Here's another big topic:  Triple Play broadband services.  Those are data pipes which provide residential consumers with (A) Internet + (B) Landline + (C) Television (and movies).

This paper by Technology Policy Institute's Scott Wallsten and James L. Riso compares spending and price trends in OECD nations... where homes may be large enough and discretionary spending loose enough for people to own very large display devices, as well as hand held, laptop, and desktop in the same house... without having to prioritize.

It is a very different market from what I've described as "3B3K", the three billion people who live in countries earning average incomes of $3,000 per year.   Those nations are gaining internet access at 10x the rate of growth of OECD nations - but they are not getting triple-play access.  They choose whether to own hand-held OR big screen OR desktop, etc..  These consumers need technology which is "good enough" to accomplish what they need.  Many rely on internet cafes, or access at work.

101 What's the Truth about "E-waste"?

Foxconn in China
Where do computers and cell phones get made?

Most are made or assembled in China, Malaysia, Indonesia, and Taiwan.

Where are used computers sold?

The biggest used PC buyers are contract manufacturers, usually subcontractors to Foxconn, Wistron, Proview, BenQ etc. Those factories are in turn contract manufacturers for companies like Dell, Sony, HP.  The names on the computer don't tell you where they are made.  (Lenovo is a Chinese factory which was making all the IBM laptops... IBM and Lenovo finally cut a deal a few years ago to transfer ownership, and credit, to Lenovo).

Why are there so many junk computers in places like Guiyu, China?

There are four reasons.  First, China is rapidly growing.  There are about 400,000 employees just at one factory (Foxconn in Shenzhen), which isn't far from either Hong Kong or Guiyu (two extremes in living standards in a very large nation).  Foxconn employees alone generate enough "e-waste" to keep Guiyu busy, without any imports.  And Hong Kong is a city of 7 million, which could be producing 30 million pounds of "ewaste" a year without importing anything.

Cell Phone E-Waste Update

Less than 48 hours after posting my HTC Evo E-scrap phone (the broken LCD which is still 80% readable), the  ebay bids are up to $130.   That's just $69 less than the new HTC EVO 4G I can get at Sprint, if I upgrade one of the company's older phones.  The replacement LCD, if I do the IFIXIT repair myself, is about $65.  Plus I need tools, shipping, etc.  The ebay method seems to be proving the efficiencies of free-flowing commerce.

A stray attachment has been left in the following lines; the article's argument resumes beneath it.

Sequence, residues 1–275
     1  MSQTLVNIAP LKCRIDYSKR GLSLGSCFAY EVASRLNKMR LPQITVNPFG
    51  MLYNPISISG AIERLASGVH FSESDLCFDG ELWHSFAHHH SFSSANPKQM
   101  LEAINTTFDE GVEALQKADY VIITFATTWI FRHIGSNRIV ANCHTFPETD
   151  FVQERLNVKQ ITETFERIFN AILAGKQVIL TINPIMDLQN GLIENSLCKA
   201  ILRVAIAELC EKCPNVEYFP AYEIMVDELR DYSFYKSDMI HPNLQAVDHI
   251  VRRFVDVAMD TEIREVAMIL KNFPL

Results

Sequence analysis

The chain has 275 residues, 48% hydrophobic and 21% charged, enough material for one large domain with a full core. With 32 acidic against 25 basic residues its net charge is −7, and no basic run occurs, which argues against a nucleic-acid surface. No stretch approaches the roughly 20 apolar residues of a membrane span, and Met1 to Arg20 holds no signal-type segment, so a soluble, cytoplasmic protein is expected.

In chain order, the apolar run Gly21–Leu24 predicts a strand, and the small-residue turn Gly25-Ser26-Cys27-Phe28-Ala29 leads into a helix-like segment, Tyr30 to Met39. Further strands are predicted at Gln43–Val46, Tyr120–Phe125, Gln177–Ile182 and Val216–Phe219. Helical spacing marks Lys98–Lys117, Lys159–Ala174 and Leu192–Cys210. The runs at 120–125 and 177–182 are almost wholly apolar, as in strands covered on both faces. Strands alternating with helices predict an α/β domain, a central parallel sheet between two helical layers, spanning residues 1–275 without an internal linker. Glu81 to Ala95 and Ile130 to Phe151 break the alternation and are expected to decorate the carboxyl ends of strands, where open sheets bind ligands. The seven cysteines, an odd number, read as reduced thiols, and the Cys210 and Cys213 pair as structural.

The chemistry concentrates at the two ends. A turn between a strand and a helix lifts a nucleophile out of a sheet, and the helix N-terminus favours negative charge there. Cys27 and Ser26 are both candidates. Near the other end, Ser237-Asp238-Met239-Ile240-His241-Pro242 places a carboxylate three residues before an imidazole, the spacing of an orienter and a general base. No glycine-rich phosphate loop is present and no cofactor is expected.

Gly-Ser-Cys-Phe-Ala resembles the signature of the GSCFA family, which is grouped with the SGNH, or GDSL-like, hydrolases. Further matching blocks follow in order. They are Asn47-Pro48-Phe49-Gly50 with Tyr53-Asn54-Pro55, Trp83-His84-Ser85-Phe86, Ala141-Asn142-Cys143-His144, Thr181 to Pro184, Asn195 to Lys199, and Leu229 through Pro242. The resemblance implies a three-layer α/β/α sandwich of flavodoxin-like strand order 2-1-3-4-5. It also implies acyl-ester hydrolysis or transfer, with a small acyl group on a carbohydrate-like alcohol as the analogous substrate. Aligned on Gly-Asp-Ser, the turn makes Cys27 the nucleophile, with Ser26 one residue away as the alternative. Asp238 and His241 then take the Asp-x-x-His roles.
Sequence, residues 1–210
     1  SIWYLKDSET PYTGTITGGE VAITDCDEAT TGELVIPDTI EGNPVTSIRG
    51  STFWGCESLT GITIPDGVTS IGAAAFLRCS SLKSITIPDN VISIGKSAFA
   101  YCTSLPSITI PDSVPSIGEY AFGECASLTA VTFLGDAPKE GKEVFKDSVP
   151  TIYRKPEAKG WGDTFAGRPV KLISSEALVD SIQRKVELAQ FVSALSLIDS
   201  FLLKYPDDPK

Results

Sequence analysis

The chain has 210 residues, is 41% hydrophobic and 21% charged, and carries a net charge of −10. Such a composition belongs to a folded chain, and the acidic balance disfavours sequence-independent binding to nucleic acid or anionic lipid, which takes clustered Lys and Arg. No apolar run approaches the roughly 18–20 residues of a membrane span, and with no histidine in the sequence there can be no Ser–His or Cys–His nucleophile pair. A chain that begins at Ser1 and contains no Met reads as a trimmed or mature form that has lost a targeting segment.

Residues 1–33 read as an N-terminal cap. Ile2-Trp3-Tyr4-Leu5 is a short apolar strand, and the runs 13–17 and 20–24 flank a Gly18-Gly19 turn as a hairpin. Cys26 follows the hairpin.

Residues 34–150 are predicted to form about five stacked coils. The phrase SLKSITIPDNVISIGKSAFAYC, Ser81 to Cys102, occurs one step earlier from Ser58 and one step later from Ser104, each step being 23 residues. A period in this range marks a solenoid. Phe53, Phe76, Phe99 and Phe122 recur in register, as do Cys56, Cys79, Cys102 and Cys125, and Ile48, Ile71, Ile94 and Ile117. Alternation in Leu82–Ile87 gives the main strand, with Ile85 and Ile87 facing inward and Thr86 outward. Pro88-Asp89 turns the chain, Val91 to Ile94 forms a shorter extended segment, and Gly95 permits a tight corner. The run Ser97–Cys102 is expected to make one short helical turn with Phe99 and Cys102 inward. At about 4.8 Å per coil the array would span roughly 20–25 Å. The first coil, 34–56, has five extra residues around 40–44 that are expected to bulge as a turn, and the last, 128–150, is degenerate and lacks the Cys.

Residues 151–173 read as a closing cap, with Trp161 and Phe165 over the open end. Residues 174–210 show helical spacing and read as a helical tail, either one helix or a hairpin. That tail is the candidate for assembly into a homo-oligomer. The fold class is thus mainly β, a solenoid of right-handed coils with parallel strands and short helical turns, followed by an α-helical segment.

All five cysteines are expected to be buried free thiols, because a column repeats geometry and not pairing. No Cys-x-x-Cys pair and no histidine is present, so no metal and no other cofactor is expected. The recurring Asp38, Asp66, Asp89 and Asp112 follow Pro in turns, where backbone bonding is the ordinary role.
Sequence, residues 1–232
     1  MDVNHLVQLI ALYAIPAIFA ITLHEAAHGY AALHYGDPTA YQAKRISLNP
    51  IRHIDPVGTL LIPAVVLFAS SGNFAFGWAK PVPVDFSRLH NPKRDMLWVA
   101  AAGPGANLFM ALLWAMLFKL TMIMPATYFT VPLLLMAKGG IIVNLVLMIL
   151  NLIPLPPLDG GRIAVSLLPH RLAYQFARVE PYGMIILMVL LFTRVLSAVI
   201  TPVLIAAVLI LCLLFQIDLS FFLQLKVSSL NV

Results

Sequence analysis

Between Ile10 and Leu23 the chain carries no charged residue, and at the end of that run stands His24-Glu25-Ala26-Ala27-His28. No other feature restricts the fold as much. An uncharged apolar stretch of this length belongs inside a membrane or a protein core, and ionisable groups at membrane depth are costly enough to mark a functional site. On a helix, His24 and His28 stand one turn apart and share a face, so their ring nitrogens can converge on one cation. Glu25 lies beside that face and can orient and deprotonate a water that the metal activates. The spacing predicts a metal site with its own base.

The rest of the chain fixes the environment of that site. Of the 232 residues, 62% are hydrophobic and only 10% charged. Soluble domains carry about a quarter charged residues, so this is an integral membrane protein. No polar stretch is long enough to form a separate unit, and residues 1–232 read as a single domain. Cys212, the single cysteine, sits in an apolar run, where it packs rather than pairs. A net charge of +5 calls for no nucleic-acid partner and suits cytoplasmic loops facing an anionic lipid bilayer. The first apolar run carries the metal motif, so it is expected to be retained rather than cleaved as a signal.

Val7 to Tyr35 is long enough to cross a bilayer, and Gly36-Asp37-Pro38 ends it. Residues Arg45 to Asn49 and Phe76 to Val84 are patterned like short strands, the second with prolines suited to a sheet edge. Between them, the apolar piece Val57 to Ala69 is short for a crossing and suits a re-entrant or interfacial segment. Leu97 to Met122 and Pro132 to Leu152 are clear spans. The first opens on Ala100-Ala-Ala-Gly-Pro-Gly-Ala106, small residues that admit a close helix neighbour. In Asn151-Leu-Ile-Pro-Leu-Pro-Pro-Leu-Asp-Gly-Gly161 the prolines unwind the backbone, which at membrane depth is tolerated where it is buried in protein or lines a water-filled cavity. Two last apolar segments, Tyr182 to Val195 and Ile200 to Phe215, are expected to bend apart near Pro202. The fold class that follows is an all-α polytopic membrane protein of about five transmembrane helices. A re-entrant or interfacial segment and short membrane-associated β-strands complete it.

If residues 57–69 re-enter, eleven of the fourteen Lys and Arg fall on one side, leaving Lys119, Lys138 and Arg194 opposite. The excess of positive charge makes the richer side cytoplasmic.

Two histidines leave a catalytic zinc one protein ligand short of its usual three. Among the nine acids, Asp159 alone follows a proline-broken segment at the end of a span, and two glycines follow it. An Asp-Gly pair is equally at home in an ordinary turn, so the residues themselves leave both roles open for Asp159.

But will pollution result?   I have allowed international bidders to place ebay bids on this auction, which was listed for 5 days.  By the end of the week, we may know whether I am to be arrested by Interpol for violating the MPPI Mobile Phone Partnership Initiative.  You might recall it, BAN has publicly stated the white paper MPPI diagram (which calls for non-working parts, like the LCD, to be removed prior to export) not only applies to cell phones, but the text of the Guidance Document actually trumps the Basel Convention Annex IX explicit description of CRTs.

First HP, Now Sims

"Look, if you had one shot, or one opportunity

To seize everything you ever wanted-One moment
Would you capture it or just let it slip..."

Just being right won't make me rich like Eminem.  But all you people who stopped exporting to be "All USA" should look at your leaders.  This is SIMS people!   Two days ago it was HP.  It's over.  You believed HP and SIMS were all USA, anti-export.  Smart people listen to their critics.

This is not a criticism of SIMS.   I think they are smart.  Smarter than me, perhaps, because they invest in the foreign opportunity market without talking about it.  Like HP.  It takes a home mortgage for me to open the Retroworks de Mexico plant, I can only defend via blog the Techs of Color in India, such as Intarvo and Rajeev Gupta and now SIMS.  I wish I was more successful in raising investments for these people.  All my time is tied up resisting friendly fire from BAN, SVTC, ETBC, and NRDC.